With the integration of large scale renewable energy sources, the Central Electricity Authority is planning to modify the standards of the power plants and power equipment, CEA Chairman S.D. Dubey said on Sunday.
"In view of large-scale induction of renewable energy sources, we are going to modify and revise the standards of construction, operations and maintenance of power plants, including thermal, hydro and renewable along with grid operations and others," Dubey said.
In regard to new standardisation, the authority has completed consultations and deliberations with all stakeholders and comments from stakeholders are to be incorporated.
Citing an example of the standards of thermal power plants that the CEA is moving to change, he said, "There were sub-critical technology based plants. Now, we are going to have super-critical technology and ultra-critical technology based plants."
In the 12th Plan period, 40 per cent of power projects were super critical, but from the 13th Plan period and beyond, most of the thermal plants will be based on super-critical technology as well as ultra-critical technology, he said.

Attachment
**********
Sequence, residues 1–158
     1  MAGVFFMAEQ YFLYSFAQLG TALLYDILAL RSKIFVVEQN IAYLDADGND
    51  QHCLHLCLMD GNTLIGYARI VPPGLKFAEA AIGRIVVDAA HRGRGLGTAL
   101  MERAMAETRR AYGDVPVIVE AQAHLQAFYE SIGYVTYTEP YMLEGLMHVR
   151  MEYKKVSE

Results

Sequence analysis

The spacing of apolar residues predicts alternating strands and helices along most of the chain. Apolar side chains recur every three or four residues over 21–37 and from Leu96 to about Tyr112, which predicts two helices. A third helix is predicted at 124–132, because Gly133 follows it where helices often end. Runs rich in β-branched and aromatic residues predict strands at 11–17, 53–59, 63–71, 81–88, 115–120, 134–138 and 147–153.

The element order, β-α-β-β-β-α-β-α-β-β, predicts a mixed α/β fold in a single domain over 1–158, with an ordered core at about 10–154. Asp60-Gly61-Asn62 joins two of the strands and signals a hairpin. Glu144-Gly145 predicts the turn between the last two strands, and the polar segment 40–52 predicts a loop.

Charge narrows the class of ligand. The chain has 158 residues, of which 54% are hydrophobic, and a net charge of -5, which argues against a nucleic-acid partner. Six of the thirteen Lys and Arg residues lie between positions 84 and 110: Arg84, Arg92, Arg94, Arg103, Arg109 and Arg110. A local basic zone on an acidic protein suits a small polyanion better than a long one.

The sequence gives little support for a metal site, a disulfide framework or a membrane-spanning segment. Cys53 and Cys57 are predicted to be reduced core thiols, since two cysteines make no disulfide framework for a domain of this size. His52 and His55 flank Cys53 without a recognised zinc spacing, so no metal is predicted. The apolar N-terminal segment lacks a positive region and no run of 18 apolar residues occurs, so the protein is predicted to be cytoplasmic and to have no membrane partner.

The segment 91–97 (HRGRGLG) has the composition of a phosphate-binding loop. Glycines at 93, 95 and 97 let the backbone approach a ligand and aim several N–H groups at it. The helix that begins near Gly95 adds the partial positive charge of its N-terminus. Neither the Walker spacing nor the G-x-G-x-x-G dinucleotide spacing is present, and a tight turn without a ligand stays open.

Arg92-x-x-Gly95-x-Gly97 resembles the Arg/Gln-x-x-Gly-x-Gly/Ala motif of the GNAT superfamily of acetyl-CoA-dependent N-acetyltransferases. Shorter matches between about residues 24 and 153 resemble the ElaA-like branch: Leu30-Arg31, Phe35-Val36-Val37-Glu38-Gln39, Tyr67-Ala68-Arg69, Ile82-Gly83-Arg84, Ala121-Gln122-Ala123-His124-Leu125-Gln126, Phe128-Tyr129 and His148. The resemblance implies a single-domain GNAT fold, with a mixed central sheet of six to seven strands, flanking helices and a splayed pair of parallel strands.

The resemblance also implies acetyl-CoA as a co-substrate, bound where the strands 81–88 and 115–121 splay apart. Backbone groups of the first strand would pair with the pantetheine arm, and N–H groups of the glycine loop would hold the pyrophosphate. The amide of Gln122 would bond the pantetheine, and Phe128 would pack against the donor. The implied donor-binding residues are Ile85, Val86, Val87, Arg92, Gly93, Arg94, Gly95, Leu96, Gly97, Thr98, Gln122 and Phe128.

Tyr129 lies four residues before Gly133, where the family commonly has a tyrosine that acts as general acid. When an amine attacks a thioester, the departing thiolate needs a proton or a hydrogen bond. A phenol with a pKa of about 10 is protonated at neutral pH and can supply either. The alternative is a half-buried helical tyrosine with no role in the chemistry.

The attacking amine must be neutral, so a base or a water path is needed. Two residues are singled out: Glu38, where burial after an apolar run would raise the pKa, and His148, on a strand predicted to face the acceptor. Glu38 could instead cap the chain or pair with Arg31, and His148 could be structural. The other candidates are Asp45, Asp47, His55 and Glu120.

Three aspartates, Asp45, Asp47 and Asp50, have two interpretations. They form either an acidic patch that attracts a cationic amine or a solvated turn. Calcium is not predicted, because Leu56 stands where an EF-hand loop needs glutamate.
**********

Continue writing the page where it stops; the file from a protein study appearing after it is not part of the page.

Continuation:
Power plants with an aggregated capacity between 22,000 MW to 30,000 MW either have no fuel linkages or have fuel linkages but no power purchase agreements, he said.
"The central government is likely to formulate a policy to address this complexity," he said.
With an objective to utilise domestic coal in an efficient manner, the CEA has brought a policy guideline to provide flexibility in the utilisation of domestic coal for reducing the cost of power generation.
"Suppose, one power generating company has several plants, some are efficient and some are not. Earlier, coal allocations were done by plant-wise. According to new guideline, power-generating company can divert coal from its annual contract to its efficient plants. Cost of power generation would come down," Dubey said.